The Public University of Navarra just published the book ‘The liberal Confederation of the Mountain of Navarra (1836-1837) ‘, by the professor of Contemporary History and honorary professor at the aforementioned university Ángel García-Sanz Marcotegui. With this work the author wants to contribute to a more correct interpretation of the Carlist wars in Navarra, break with the image of the liberals as foreign to it and at the same time repair “the liberal memory”. The 192-page book is priced at € 15 euros in paper version and € 9 in electronic format.
Its first chapter briefly deals with the demography, society and politics of the eastern Navarrese Pyrenees in the first half of the 19th century. The second focuses on the anti-Carlist uprisings registered in that region during the Seven Years’ War, one failed in 1834 and another that was consolidated in 1836-1837, when the valleys of Aezkoa, Roncal and Salazar were grouped into the liberal Confederation of the Mountain of Navarra. The vicissitudes of the “confederate country” are described and how the unequal presence over time of regular troops from both sides influenced it.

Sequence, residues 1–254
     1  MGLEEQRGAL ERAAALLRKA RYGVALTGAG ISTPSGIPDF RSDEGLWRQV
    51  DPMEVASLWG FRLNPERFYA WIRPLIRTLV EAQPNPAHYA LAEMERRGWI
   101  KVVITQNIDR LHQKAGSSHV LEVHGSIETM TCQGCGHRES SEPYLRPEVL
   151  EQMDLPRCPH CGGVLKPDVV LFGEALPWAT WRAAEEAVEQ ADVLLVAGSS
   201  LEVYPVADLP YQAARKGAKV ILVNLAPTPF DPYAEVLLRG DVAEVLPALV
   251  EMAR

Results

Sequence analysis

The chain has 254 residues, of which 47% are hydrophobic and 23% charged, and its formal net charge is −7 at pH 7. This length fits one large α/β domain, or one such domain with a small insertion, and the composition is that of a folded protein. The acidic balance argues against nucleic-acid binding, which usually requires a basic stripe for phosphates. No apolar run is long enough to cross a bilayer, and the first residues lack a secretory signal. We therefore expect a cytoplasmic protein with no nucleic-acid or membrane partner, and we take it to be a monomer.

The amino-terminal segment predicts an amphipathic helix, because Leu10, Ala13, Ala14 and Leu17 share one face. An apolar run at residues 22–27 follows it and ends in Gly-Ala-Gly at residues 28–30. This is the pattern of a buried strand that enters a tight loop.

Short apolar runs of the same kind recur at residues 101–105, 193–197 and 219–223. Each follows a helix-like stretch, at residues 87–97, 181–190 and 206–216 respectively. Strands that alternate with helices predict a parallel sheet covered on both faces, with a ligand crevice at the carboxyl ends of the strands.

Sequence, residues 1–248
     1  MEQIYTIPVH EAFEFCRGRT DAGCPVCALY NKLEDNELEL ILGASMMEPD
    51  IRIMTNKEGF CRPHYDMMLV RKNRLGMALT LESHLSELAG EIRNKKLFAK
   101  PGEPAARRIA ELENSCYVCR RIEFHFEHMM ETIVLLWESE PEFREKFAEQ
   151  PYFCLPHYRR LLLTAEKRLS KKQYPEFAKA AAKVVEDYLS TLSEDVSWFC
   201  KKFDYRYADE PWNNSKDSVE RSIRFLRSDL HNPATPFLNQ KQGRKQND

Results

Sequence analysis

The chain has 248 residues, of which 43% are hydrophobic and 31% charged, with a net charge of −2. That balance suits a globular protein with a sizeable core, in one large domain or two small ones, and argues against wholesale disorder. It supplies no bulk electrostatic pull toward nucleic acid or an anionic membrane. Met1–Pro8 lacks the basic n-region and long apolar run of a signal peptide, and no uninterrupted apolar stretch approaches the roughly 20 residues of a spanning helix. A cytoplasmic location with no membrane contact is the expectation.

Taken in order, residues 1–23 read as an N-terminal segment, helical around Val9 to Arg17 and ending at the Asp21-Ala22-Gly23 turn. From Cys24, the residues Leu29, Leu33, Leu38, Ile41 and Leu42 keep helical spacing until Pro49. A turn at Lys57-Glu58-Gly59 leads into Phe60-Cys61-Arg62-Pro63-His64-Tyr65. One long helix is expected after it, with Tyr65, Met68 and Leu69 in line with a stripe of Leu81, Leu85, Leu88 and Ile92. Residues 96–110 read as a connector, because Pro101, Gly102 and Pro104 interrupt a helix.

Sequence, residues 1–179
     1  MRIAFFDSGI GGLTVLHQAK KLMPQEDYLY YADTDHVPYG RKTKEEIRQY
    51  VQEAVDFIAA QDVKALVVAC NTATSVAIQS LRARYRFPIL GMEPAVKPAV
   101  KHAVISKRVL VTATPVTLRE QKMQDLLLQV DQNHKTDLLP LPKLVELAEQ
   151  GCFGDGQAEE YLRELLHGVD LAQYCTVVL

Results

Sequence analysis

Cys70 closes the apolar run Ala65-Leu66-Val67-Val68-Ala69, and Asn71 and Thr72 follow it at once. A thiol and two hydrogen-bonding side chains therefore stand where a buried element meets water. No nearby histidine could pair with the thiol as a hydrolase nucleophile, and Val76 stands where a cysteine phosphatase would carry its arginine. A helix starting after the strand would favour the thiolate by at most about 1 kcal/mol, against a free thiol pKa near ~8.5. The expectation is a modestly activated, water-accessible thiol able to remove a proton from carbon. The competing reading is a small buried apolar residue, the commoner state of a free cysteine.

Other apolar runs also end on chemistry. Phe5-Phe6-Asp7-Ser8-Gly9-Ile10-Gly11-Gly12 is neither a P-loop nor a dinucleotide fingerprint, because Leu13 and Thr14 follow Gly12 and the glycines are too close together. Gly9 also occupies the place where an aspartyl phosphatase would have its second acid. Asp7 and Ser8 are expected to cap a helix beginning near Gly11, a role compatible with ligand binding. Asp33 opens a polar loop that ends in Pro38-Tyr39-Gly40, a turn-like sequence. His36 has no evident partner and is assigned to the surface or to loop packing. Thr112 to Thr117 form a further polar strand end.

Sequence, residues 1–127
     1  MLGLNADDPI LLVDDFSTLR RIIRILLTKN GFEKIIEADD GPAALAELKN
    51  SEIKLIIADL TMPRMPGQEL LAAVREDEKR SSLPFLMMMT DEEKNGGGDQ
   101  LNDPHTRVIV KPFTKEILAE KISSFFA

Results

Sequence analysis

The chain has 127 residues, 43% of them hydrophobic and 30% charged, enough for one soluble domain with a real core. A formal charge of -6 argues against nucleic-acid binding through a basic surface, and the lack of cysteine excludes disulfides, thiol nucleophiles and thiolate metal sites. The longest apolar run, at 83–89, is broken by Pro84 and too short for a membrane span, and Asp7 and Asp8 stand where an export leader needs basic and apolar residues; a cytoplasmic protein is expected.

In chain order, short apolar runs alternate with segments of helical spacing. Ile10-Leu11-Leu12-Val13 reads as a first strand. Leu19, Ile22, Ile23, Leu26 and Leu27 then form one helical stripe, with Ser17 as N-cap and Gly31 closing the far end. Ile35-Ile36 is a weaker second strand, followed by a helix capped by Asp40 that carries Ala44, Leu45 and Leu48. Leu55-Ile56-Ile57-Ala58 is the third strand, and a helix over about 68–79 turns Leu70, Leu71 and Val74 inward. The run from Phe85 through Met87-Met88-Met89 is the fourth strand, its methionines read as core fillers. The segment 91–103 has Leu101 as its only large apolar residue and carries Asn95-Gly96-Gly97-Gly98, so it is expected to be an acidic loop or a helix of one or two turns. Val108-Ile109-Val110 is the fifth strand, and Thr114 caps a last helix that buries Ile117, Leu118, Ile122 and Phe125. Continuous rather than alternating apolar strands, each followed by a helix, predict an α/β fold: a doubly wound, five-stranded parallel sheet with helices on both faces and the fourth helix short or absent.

As the author indicates, these valleys, then Basque speakers, acted in the line that in order to fight the Carlists it was necessary to “counter-revolutionize Navarre against Navarre”. To do this, they created arms and defense boards and put over 2,000 men on arms, led by professional civilian soldiers of theirs, accustomed to guerrilla warfare, who knew the territory and were willing to defend it from the Carlists.
The support of the population of the three valleys and Valcarlos for the anti-Carlist uprising was quite widespread and its authorities showed their commitment to the Queen’s side, the Constitution, “the national liberties” and “the national cause”.
In the third chapter the occupation of the pronounced valleys and its disarmament at the end of 1837 are detailed to show the difficult trance that its inhabitants then went through. Information is also offered about how the liberal imprint of these valleys, especially that of Aezkoa, gave rise to a singular socio-political microclimate that survived until the civil war of 1936-1939.
The study is completed with a biographical appendix that includes the profiles of a few dozen professional military personnel, mobilized countrymen and priests from the region who stood out for their affiliation to liberalism.
The author acknowledges that “all the aforementioned raises questions whose answer would help to reveal the extent of the uneven alignment of the different regions of Navarra in the Carlist wars and, fundamentally, the reasons that explain it.”
Ángel García-Sanz Marcotegui is currently an honorary professor at the Public University of Navarra. Among his latest books are ‘Navarrese Liberals in the First Carlist War. The Frankish Bodies and the Mutiny of 1837 ‘(2014) and’ Navarrese Liberals through their Texts (1821-1823) ‘(2018).